This has been faily easy as I have a trusting nature and when people tell me they don’t agree with torture and will help, only to take documents from me and then breach agreements regarding that evidence/proof I am further refouled and find myself wanting to die. I just assumed that people had a revulsion for torture, not that they were considering it medical treatment. Even Machiavelli didn’t go that far. But I guess it’s important that the public don’t become aware that our police and mental health services have found a means to torture citizens and then conceal any proof of those offences via the distribution of fraudulent documents to lawyers (advocates who assist in concealing human rights abuses? Speak to the Mental Halth Law Centre about their role as a Venus Fly Trap for the State sanctioned torture program) and the unintended negative outcomes that are faily easily achived in an Emergency Dept which police tell me it’s best they don’t know about. Who is it they actually Protect and Serve? Organised criminals? Human rights abusers?

          The Convention suggests the appointmemnt of a Committee to investigate claims made up of ‘people of good standing’. Let me say that thse would be difficult to find in the State I live in, where access to legal representation is denied and your own representative prefers outcomes that suit the State and make what is torture a ‘medical procedure’.

          3 minutes. Is this torture? Or merely the use of a coercive method? Has Raymonds life been affirmed by this ‘treatment’? Because it’s a method being used and is not considered torture. And much more effective if you can ‘spike’ Ramond prior to the interrgation, as can be done in my State according to the Minister for Health and our Chief Psychiatrist. All you need is a doctor prepared to sign off on it post hoc. And I can make a referral to one.

          I’ve much more to say but find myself severly traumatised. Though I’m much better these days after ten years of living on the street without my family. And I must say I really should have appreciated the concern of these people over me losing some sleep and not eating properly for a couple of days. Mind you the cost to me of not sleeping properly as a result of being jumped in my bed and tortured, kidnapped and then nearly killed for complaining has probably escaped their notice. They had other victims to deal with.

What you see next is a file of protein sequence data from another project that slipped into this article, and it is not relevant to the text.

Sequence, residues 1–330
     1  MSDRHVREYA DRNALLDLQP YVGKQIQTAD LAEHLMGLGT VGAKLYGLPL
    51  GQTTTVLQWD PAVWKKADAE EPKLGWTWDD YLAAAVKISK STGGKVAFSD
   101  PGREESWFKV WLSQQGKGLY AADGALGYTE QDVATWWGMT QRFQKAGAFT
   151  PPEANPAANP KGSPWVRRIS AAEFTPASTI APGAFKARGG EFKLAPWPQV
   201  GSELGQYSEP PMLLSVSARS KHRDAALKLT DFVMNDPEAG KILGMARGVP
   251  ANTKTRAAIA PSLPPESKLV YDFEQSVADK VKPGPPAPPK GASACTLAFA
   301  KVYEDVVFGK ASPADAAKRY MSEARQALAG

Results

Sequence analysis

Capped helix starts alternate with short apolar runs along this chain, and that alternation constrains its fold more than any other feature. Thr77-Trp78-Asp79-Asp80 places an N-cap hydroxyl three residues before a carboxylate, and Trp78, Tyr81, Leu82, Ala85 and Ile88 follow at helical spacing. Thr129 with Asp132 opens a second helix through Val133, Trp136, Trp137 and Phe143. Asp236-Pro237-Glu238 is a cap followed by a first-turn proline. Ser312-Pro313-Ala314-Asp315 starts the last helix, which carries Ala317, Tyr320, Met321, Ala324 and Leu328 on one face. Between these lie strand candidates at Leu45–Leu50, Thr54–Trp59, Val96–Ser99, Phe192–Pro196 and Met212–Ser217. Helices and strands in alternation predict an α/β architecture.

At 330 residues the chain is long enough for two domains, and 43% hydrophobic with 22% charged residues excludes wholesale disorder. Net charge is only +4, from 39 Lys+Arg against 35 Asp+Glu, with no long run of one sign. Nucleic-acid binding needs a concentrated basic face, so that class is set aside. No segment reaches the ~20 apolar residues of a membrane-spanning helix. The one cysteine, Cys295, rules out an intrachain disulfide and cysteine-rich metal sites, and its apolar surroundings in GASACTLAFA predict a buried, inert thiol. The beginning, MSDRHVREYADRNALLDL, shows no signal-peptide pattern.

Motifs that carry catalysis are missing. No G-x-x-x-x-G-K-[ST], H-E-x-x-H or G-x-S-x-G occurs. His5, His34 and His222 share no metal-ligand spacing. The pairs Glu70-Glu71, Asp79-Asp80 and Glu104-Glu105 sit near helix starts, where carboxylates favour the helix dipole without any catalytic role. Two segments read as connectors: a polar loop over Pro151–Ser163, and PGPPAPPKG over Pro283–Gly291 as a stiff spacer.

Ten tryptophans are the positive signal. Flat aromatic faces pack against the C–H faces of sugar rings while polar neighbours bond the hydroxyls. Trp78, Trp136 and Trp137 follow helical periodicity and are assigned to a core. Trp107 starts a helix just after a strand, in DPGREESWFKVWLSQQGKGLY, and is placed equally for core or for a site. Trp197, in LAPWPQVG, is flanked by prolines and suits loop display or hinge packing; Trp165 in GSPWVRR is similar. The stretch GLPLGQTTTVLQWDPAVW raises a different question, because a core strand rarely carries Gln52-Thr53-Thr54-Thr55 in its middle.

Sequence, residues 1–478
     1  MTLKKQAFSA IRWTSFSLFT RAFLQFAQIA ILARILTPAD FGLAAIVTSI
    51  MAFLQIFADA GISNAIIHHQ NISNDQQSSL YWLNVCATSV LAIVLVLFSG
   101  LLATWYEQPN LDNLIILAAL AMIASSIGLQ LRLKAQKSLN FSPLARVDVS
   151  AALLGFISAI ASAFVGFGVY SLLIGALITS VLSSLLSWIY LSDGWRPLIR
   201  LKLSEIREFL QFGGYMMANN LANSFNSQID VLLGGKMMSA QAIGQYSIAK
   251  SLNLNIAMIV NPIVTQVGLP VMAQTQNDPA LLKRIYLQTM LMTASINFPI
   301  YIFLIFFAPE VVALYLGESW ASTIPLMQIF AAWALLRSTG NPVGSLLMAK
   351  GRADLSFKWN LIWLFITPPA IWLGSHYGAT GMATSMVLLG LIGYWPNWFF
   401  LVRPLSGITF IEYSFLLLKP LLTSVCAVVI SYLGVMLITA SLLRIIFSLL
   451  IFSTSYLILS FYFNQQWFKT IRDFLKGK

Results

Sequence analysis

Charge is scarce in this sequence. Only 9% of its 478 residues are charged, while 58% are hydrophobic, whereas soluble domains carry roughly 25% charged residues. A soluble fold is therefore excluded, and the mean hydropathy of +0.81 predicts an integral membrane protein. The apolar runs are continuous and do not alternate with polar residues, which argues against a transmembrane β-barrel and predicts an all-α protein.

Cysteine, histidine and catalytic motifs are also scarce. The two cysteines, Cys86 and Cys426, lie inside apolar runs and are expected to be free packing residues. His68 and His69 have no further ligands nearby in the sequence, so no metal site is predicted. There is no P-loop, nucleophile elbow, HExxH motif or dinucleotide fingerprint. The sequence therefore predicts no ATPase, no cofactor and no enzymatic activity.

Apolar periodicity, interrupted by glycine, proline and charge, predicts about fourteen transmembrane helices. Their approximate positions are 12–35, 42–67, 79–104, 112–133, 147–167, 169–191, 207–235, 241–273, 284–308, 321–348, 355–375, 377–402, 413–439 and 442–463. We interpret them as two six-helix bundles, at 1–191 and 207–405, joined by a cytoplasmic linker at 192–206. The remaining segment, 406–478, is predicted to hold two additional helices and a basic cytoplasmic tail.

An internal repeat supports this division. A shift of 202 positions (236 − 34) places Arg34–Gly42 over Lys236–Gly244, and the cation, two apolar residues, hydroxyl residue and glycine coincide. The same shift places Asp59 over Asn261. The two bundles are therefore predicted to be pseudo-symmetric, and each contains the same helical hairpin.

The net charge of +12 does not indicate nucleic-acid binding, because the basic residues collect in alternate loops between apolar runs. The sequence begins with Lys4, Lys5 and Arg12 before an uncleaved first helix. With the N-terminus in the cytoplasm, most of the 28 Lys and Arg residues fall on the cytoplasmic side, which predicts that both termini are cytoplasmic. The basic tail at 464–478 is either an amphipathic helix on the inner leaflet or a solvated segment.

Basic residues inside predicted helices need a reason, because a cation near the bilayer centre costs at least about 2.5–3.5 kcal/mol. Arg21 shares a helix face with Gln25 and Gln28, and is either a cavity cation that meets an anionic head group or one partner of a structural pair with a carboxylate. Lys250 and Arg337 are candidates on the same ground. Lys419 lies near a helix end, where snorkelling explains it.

I would have assumed they would allow me to obtain my belongings and leave. Not so, my wife obviously aware of the States need to ‘fuking destroy’ me (she was after all conspiring with them to do precisely that) and ensure I can not get access to the courts means she gets to keep everything I ever worked for (including my family photos, passport, birth certificate, degrees, employment references …… and my daughter and grandchildren who have no blood tie to her. The Police knee jerk reaction is to destroy a persons family to ensure they become vulnerable. It makes retrieving documented proof of criminal conduct by public officers so much easier to deal with via a bullet and a label). And we’re paying taxes for this?

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          • Just digging around the site of the Association for the Prevention of Torture and I note that the list of “Partners in Prevention” is a list of all the people who have assisted in the concealment of the torture and kidnapping I was subjected to.